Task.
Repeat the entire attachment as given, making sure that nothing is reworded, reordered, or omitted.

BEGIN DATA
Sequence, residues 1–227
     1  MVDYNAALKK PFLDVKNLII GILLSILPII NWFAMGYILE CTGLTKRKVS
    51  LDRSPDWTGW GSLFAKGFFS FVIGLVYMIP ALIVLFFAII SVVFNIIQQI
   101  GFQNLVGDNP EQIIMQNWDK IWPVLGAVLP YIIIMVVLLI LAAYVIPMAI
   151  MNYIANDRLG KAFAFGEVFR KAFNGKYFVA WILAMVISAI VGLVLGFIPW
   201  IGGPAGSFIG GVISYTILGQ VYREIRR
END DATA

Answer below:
Sequence, residues 1–227
     1  MVDYNAALKK PFLDVKNLII GILLSILPII NWFAMGYILE CTGLTKRKVS
    51  LDRSPDWTGW GSLFAKGFFS FVIGLVYMIP ALIVLFFAII SVVFNIIQQI
   101  GFQNLVGDNP EQIIMQNWDK IWPVLGAVLP YIIIMVVLLI LAAYVIPMAI
   151  MNYIANDRLG KAFAFGEVFR KAFNGKYFVA WILAMVISAI VGLVLGFIPW
   201  IGGPAGSFIG GVISYTILGQ VYREIRR